To a person with a hammer, every problem looks like a nail.Mark Twain. Or Abraham Maslow. Or Abraham Kaplan. It’s not clear who first said it. But it is very true.
Most of my life has been dedicated to making sure I have more than a hammer in my toolbox. If you want to actually help people, a comprehensive toolbox is vital. The wrong tool at the wrong time does more harm than good.
I started work at 15, which is approaching 35 years ago now. Over that time, I have worked in all sorts of places: supermarkets, childcare centres, petrol stations, schools, offices in the ‘top end of town,’ offices in Ho Chi Minh City, corporate boardrooms, ‘offices’ under boab trees in Aboriginal communities in the Kimberley, kitchen tables, under bridges, over the phone and all sorts of places in between.
Formal Qualifications and Business-Owning Experience
I have three University degrees (Law, Commerce and Psychology). In the early 2000s I established and then sold a successful training organisation. In 2007 I established a private psychology practice which was passed on to a colleague in 2016. Now I own and operate two other successful businesses: a marketing service for financial professionals and an NDIS service for people and families with a disability.
Those businesses are fun and make us a good living, but the thing I most enjoy doing is coaching! And my experience is that, for a successful coach, qualifications and formal experiences are only a small part of the story. More important is the collection of life experience that make us who we are. So, here is a little bit of my story.
Less Formal Qualifications and Experience
The things that teach us will about life are things that are out of our control or do not go to plan. Here is a little snapshot of those ‘life lesson’ type things for me.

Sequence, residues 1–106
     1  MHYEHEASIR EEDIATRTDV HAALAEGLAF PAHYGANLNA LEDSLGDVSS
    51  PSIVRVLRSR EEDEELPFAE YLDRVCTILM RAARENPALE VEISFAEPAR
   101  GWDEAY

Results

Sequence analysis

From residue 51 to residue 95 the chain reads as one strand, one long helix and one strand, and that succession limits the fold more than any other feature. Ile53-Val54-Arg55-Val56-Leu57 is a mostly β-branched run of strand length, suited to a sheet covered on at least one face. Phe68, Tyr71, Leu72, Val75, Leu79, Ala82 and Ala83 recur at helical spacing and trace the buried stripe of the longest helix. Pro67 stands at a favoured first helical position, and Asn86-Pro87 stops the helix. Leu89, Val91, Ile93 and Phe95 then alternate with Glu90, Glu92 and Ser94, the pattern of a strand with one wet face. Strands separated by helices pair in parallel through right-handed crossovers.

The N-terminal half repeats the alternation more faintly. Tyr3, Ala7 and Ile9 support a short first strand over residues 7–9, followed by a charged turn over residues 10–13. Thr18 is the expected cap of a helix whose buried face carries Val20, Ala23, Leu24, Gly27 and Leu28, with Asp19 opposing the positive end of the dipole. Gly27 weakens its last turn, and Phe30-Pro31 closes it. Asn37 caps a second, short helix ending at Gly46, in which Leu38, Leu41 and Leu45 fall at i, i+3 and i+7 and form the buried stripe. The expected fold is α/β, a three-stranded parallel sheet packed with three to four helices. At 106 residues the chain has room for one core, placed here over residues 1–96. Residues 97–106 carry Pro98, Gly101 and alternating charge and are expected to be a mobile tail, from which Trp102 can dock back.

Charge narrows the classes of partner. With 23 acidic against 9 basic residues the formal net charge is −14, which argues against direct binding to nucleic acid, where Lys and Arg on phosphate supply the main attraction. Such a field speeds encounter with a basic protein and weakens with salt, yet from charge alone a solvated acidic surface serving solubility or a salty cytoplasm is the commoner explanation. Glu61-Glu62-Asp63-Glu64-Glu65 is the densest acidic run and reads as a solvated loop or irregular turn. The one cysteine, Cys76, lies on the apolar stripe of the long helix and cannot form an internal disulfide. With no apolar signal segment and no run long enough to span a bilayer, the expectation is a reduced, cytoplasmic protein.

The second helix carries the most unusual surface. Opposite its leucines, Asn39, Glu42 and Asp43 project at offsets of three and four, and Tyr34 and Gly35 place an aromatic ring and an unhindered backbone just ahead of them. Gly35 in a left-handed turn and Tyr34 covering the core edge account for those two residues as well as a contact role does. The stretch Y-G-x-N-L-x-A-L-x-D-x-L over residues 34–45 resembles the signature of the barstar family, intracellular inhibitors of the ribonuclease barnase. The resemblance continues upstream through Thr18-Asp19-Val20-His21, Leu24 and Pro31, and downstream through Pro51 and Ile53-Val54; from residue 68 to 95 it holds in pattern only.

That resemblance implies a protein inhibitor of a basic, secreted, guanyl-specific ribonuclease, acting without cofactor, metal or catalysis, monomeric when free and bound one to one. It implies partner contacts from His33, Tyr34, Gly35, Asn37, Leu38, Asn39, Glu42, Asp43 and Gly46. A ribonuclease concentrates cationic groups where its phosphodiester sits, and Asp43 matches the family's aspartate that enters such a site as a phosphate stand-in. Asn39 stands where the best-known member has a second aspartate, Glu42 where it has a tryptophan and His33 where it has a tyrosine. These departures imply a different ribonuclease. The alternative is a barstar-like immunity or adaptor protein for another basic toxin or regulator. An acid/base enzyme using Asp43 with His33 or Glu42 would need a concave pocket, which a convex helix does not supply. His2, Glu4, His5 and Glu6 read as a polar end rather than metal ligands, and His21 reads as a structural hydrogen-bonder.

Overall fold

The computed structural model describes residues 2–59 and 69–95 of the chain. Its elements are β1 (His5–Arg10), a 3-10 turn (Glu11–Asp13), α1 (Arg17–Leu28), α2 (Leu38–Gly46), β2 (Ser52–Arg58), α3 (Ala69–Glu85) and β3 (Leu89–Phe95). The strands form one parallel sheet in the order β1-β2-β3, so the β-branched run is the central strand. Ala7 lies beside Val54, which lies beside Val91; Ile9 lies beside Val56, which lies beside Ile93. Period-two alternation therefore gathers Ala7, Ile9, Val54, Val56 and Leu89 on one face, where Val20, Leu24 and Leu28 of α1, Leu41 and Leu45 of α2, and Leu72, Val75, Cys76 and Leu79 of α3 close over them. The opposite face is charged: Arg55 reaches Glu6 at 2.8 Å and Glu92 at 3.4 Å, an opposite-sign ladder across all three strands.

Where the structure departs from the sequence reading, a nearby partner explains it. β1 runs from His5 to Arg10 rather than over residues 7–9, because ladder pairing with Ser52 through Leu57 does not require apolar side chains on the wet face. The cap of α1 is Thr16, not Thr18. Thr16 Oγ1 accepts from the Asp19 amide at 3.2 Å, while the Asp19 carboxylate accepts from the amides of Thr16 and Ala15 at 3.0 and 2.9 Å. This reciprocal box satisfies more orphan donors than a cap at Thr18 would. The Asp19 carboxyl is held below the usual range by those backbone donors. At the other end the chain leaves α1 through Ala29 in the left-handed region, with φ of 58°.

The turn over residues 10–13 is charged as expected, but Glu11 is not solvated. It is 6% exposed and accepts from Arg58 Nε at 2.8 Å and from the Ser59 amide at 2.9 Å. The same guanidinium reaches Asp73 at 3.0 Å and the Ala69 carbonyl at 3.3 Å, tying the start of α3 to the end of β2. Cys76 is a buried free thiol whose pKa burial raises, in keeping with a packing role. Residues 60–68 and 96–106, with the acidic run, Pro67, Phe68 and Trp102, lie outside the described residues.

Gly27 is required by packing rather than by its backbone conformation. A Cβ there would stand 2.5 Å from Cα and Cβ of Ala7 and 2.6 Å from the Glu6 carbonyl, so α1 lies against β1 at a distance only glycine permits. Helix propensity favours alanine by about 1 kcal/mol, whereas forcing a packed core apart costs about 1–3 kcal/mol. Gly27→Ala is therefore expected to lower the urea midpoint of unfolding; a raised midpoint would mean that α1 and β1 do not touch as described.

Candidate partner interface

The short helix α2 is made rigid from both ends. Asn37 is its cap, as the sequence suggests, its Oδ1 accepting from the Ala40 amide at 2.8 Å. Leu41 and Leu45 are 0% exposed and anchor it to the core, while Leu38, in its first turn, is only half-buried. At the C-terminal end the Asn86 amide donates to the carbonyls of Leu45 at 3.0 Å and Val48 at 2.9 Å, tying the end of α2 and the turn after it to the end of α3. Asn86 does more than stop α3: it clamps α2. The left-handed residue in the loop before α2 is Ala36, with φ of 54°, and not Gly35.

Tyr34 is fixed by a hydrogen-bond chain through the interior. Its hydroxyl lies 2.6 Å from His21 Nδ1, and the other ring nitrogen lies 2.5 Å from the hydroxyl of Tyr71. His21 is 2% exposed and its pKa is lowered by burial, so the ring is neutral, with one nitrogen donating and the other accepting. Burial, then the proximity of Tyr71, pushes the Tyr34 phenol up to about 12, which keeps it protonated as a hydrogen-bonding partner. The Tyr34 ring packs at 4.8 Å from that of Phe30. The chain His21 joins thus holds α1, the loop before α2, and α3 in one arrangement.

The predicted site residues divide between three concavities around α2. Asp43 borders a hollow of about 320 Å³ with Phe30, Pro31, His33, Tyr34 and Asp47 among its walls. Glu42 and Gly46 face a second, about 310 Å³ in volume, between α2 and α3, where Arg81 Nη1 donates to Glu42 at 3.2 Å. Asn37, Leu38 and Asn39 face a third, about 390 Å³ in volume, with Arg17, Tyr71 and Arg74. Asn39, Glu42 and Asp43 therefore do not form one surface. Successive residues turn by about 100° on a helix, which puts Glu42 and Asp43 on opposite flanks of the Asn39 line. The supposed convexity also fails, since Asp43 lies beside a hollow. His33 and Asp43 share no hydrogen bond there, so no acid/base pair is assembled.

- My wife and I have been married for almost 22 years. That was always the plan, but let’s be honest: these things have as much to do with good luck as good planning, and we lucked in!;
- I know the marathon that is raising children. Not every day can be the ‘best day ever.’ Some days are just for surviving and then gently forgetting;
- I grew up in a family in which disability was real and I have spent more than 15 years helping disabled people professionally;
- I know what it is like to lose a family member in a traumatic accident;
- My dad died way too young, but gee he did it well. I was fortunate to be able to be there with him in his last days and those memories remain a source of strength.
According to LinkedIn, no one has ever had a job they did not like or were not good at!
Most of us know better than to believe that. Here are some of the real elements of my professional career.
- I was once made redundant, which sort of came out of the blue. But I am not annoyed about it anymore. Really…
- I know the loneliness and loveliness of being the ‘man in the arena,’ the chief creator of a business (or four!);
- I have worked for good bosses and I have worked for crap bosses. Now I don’t work for any boss;
- I have been a good boss and I have been a crap boss;
- I have supported a much-loved colleague through a brutal media-shaming experience;
- I have sworn at people when that was not the smartest thing to do (see previous item);
- I have had to ‘step in’ and close a dear friends’ business for them, putting 50 people out of work.
- My first degree was a Bachelor of Commerce which I studied straight out of school. At the same time, I worked all sorts of jobs – from childcare to pumping petrol. After graduating, I initially started with Deloitte, but the corporate world did not really suit. So my first real job as a graduate was as a field officer with the Aboriginal and Torres Strait Islander Commission in Kununurra, WA. It was a long way from Collins St, but that B.Comm was still very handy;
- From about the age of 24, I studied psychology part-time while teaching disabled people full time. I finished in 2000. I then worked as a psychologist until 2016;
- Between 2013 and 2017, to scratch an old itch, I completed a law degree, mostly late at night once the kids had gone to bed.